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About the author

American conductor, composer and cellist Kenneth Woods is Principal Conductor of the English Symphony Orchestra, Artistic Director of the Colorado MahlerFest and cellist of the string trio Ensemble Epomeo. He records for the Avie, Somm, Nimbus, Signum, MSR and Toccata labels.

Learn about Kenneth at www.kennethwoods.net

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5 comments on “Four for the Fourth”

  1. ComposerBastard

    You nailed it with the Piston. The 2nd is a young piece, so you have to be somewhat forgiving. If you study the compositional technique in his symphonies, they do blow away the competition of that period in US composers. Well, I might exclude Sessions from that pool.

    I spent some time looking at the autograph of the 2nd, and he was making changes right up to the end, cutting out a doubling of cellos and bassoons in the first phrase for example. You can’t see that sort of thing looking at photocopies.

    In my search, was trying to locate what he considered “interesting”. Roussel was an important influence to him, and you can hear it in some of his other works. Maybe some Honneger.

  2. JeffHornick

    Greetings from Oregon. We miss you in these parts.

    Thank you for including William Grant Still. As a band director I’m familiar with (at least some) of his works for winds but not so much his orchestral music. His is a voice truly worth knowing.

  3. elrond

    Compare this:

    ” it’s easy to point to the American evangelical religious tradition’s dark history of anti-intellectualism, its attempts to blur or erase the line which differentiates belief and knowledge, fact and parable, its frequent rationalization of racism and sexism, and its penchant for corruption, hypocrisy and charlatanry amongst the clergy, as reasons to hope that religion’s place in American life will one day be diminished”

    to this:

    “History teaches us that anytime we create an “other” – whether it be an “other” based on race, religion, sexuality or beliefs, it’s all too easy for society let the lives of the “other” cease to have any value. ”

    If you hope that religion’s place in American life will one day be diminished, aren’t you basically treating American evangelicals and other religious groups as the “other”?

    For that matter, doesn’t religion’s place in American life include the abolitionist movement, the civil right’s movement, and other “progressive” movements? (I would add the pro-life movement to this list.)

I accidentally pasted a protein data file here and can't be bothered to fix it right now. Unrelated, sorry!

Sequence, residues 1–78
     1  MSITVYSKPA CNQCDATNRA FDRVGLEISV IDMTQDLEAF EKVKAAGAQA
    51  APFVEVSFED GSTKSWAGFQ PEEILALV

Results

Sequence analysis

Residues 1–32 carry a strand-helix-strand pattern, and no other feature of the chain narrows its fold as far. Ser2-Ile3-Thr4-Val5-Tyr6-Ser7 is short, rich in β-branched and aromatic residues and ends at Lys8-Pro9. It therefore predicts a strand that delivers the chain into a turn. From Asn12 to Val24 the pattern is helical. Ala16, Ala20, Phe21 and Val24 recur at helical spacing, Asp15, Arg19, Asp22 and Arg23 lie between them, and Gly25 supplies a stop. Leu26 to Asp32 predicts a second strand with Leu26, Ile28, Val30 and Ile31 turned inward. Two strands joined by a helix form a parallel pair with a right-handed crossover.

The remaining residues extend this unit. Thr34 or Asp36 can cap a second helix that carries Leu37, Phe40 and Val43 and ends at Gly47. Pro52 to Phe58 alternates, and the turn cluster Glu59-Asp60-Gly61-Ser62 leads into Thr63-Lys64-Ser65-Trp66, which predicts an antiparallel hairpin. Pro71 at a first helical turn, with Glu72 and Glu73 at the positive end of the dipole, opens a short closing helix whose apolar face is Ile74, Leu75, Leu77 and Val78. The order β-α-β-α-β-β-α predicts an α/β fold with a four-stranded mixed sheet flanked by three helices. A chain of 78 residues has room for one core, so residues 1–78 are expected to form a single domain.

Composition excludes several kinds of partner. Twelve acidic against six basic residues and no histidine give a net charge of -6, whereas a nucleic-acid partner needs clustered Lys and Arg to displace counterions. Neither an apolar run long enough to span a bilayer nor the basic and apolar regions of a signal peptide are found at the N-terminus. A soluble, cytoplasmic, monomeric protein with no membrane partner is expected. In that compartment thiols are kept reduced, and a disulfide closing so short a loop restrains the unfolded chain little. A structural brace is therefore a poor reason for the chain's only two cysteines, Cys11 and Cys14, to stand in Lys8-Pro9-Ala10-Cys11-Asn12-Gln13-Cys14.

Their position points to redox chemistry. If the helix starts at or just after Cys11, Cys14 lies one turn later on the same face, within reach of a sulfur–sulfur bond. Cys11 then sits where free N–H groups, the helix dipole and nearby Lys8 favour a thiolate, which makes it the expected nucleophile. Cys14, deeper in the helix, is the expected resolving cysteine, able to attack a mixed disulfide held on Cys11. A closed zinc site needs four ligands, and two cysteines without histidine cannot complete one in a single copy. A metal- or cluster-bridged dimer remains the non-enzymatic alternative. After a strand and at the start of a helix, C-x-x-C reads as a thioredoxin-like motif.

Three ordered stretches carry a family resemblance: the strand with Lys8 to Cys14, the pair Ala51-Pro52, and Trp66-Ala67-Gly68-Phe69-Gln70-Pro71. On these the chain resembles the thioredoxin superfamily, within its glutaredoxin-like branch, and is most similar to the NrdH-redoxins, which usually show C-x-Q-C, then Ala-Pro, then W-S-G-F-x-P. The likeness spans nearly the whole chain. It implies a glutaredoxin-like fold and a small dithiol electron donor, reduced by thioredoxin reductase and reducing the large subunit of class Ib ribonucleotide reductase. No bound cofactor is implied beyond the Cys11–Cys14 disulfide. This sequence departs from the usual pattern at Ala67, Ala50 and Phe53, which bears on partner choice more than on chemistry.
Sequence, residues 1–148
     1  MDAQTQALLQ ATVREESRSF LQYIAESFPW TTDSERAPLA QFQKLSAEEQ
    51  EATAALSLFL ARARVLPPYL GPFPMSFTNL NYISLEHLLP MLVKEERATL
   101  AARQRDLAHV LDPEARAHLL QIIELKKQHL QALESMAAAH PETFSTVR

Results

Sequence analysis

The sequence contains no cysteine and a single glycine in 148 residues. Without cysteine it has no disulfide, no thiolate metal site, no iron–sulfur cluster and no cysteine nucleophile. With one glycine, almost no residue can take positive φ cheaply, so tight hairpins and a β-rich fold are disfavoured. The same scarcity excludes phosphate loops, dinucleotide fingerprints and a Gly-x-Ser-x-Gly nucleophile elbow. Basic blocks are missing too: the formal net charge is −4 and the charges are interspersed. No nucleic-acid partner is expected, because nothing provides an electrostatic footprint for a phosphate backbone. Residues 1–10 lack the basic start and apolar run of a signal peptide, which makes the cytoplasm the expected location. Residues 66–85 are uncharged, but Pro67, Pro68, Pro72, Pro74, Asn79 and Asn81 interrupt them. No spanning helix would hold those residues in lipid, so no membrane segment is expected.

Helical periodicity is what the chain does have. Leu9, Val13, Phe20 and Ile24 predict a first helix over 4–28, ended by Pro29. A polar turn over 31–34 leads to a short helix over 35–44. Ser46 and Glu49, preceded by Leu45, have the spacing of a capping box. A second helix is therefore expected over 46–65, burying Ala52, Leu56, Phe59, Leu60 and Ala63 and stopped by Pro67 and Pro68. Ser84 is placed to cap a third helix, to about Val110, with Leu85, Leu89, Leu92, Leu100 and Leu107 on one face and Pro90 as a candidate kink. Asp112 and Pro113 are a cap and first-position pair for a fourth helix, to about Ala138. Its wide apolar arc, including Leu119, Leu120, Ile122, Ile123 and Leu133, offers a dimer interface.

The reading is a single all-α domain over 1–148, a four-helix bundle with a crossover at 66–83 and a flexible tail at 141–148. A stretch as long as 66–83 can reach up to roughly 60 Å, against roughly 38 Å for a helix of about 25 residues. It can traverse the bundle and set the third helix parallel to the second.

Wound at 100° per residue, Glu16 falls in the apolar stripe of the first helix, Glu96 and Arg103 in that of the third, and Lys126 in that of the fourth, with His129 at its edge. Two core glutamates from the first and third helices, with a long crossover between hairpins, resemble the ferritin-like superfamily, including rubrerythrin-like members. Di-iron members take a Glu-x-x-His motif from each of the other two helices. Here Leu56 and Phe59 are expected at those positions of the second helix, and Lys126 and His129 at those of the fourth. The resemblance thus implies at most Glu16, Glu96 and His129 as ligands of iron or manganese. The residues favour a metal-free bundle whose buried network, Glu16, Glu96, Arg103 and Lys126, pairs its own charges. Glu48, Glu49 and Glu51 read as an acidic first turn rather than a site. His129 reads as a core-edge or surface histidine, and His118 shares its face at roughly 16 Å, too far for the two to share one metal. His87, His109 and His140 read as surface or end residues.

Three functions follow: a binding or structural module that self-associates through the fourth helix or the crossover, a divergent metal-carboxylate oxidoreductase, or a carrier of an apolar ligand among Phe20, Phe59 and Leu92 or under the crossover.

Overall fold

On a lighter note, I haven’t heard any of the music on this list, so I will seek them out. Thanks for that! One of the reasons I visit this blog is to expand my listening repertoire.

    “The final aim and reason of all music is nothing other than the glorification of God and the refreshment of the spirit.” ― Johann Sebastian Bach (aka “the other” – let us all hope his influence diminishes)

  4. Kevin Scott

    There are so many other American symphonies I would nominate, and though I do agree with your inclusion of Still’s “Afro-American” Symphony, I’m more partial to the second and fourth symphonies, and it is the latter work that is a true American epic covering a wide range of emotional power and orchestral color. It’s a work that I haven’t conducted in nearly twenty years, and I would love to do it again.

    In addition to the Still, I would also nominate Jerome Moross’ only symphony from 1942, which is a precursor to his monumental score for the 1958 western The Big Country. Its big tunes, capped off by a whirlwind fugue, should be programmed more often.

    And though it doesn’t sound like an “American” symphony, I’ll put up Bernard Herrmann’s only symphony for a nomination. It has only been performed twice in the last quarter-century, and only two recordings of it exist. Yet this symphony, which echoes Sibelius, Walton and Rubbra at times, also has a devilish scherzo that is an Ivesian take on the scherzo from Beethoven’s Ninth.

    The other nominees? There are so many, but the ones that readily come to mind are David Diamond’s second symphony, James Barnes’ third symphony for concert band, William Banfield’s sixth symphony, Elie Siegmeister’s first symphony and Ellen Taafe Zwilich’s second symphony.

  5. Chris L

    Kenneth, I’ve come to this party a little late, but I’m glad to find someone of your calibre who holds Piston 2 in the same kind of esteem that I do. I’ve often felt that, if the unashamedly joyous finale of the 6th Symphony (in the same key, helpfully) could be swapped with no.2’s actual finale, then you’d have the Greatest American Symphony.